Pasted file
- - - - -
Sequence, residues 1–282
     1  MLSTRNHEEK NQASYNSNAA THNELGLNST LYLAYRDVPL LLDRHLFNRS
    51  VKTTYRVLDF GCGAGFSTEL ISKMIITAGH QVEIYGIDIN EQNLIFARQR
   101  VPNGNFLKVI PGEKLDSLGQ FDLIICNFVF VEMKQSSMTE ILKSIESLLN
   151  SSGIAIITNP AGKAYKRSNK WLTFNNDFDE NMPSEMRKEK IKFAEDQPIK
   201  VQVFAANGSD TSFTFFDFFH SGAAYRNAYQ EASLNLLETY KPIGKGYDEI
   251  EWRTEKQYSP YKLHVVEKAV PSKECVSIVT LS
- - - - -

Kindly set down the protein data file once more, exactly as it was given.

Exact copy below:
Sequence, residues 1–282
     1  MLSTRNHEEK NQASYNSNAA THNELGLNST LYLAYRDVPL LLDRHLFNRS
    51  VKTTYRVLDF GCGAGFSTEL ISKMIITAGH QVEIYGIDIN EQNLIFARQR
   101  VPNGNFLKVI PGEKLDSLGQ FDLIICNFVF VEMKQSSMTE ILKSIESLLN
   151  SSGIAIITNP AGKAYKRSNK WLTFNNDFDE NMPSEMRKEK IKFAEDQPIK
   201  VQVFAANGSD TSFTFFDFFH SGAAYRNAYQ EASLNLLETY KPIGKGYDEI
   251  EWRTEKQYSP YKLHVVEKAV PSKECVSIVT LS